McDonnell Douglas RC-4C USAF airplane model. In the early 1960s, the USAF recognized the need for more tactical reconnaissance aircraft to reinforce the RF-101s then in service. The Air Force chose a modification of the F-4C fighter. The RF-4C development program began in 1962, and the first production aircraft made its initial flight on May 18, 1964. A total of 499 RF-4Cs were eventually accepted by the Air Force.
The RF-4C can carry a variety of cameras in three different stations in its nose section. It can take photos at both high and low altitude, day or night. The RF-4C carries no offensive armament, although during the last few years of its service some were fitted with four AIM-9 Sidewinder missiles for defense.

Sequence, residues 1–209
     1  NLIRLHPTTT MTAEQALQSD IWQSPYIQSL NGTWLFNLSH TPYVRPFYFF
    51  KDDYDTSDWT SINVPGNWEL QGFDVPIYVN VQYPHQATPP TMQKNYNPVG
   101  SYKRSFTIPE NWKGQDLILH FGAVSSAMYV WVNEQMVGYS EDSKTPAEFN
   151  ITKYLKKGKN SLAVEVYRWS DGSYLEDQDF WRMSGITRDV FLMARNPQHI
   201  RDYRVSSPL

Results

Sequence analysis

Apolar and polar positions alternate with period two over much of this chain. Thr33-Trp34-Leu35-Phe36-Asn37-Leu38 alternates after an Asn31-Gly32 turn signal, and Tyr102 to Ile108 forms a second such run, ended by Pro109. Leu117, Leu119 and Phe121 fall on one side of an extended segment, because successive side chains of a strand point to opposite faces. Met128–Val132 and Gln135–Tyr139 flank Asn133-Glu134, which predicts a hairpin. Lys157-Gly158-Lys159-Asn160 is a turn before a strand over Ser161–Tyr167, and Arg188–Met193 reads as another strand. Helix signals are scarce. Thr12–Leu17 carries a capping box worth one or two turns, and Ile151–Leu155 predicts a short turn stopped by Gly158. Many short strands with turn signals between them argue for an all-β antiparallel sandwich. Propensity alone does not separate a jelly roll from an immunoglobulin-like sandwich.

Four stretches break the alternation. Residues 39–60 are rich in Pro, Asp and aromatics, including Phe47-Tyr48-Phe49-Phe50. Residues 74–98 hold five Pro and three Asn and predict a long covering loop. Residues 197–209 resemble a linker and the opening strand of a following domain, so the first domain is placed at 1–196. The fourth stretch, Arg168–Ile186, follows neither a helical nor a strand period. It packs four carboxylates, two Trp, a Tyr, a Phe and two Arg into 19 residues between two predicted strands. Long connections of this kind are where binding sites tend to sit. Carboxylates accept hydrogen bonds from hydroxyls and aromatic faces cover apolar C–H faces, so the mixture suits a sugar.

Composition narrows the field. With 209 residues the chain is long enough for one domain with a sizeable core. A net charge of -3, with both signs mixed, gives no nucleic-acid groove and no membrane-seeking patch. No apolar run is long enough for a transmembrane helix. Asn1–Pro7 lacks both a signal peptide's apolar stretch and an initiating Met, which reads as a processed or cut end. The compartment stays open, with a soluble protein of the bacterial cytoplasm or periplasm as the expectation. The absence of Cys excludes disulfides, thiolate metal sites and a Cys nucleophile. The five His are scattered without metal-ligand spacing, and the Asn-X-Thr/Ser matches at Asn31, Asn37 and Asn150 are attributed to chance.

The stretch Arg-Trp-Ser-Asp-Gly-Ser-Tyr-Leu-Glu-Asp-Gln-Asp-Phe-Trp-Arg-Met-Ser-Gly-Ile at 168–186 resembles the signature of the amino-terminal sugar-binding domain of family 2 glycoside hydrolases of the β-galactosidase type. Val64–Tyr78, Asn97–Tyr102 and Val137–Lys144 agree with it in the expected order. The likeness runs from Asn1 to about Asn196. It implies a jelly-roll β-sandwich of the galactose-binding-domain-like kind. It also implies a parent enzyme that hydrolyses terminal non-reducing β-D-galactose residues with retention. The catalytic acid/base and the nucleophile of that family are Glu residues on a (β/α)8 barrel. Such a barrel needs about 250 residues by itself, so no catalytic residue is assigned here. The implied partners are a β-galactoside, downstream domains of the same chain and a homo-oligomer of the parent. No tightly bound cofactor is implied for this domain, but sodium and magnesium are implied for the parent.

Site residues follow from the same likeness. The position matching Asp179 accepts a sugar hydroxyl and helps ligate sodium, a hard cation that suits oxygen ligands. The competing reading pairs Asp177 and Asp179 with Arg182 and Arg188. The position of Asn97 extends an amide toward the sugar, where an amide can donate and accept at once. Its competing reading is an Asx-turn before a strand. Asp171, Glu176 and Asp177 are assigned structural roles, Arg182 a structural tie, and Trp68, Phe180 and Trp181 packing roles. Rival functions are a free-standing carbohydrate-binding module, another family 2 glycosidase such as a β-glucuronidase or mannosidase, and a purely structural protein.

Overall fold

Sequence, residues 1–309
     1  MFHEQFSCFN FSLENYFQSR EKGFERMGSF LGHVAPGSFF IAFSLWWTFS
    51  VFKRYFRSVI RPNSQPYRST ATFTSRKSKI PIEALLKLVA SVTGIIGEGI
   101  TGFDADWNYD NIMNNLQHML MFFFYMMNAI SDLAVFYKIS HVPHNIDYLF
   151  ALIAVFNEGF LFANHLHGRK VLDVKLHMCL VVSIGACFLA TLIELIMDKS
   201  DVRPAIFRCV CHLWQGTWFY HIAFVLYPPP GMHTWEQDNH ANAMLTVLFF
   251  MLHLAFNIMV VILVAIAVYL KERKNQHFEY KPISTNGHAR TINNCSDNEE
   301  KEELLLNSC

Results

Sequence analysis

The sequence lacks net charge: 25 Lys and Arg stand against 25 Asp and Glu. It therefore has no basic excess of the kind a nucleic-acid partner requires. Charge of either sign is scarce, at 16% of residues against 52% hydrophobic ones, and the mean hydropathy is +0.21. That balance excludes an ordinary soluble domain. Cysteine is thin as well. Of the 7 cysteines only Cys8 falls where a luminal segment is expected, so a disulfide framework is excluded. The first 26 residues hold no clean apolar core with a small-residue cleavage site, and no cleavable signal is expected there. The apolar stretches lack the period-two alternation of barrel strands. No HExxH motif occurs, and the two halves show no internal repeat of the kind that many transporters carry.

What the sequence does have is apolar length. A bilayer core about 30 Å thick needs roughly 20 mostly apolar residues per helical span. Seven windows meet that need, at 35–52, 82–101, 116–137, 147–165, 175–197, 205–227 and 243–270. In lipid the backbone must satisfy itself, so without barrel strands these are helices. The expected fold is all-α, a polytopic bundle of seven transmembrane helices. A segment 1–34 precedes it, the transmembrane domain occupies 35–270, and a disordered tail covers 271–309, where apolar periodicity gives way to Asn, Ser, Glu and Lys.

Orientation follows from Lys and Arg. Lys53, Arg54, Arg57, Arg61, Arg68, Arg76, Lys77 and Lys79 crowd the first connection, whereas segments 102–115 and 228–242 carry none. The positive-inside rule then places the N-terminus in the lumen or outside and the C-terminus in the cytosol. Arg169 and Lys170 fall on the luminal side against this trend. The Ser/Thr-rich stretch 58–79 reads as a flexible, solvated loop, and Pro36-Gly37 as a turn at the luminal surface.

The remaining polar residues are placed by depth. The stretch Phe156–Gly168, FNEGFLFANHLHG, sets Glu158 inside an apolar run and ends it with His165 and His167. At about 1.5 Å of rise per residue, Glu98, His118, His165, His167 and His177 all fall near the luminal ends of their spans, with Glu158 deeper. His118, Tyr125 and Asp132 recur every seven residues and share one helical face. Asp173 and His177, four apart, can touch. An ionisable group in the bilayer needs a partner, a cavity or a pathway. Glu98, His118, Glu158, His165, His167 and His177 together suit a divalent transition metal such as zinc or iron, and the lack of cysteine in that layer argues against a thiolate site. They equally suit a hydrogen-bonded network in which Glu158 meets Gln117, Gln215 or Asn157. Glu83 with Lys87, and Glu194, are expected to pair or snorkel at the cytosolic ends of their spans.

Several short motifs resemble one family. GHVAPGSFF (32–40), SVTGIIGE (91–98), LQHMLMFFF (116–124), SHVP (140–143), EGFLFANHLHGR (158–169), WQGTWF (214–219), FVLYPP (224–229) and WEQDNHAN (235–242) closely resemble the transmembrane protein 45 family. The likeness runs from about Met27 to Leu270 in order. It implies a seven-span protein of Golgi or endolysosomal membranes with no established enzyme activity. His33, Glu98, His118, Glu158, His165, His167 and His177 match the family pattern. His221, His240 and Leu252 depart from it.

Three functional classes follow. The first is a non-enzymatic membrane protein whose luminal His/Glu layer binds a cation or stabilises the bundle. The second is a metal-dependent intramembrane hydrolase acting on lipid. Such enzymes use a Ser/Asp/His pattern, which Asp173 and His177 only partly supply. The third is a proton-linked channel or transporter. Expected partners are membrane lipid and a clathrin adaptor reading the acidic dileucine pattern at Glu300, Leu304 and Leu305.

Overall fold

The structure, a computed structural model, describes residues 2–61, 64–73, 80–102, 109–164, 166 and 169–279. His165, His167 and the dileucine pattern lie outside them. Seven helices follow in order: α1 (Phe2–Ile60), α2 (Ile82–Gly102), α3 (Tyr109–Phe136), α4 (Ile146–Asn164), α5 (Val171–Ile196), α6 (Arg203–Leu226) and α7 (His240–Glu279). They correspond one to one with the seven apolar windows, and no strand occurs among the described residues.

The first unit to fly the RF-4C operationally was the 16th Tactical Reconnaissance Squadron. In October 1965 that unit deployed to Southeast Asia to provide photographic reconnaissance of the growing conflict in South Vietnam. Since then, RF-4Cs have been involved in reconnaissance missions around the world, including the Desert Shield/Desert Storm operation in Iraq in 1990-1991.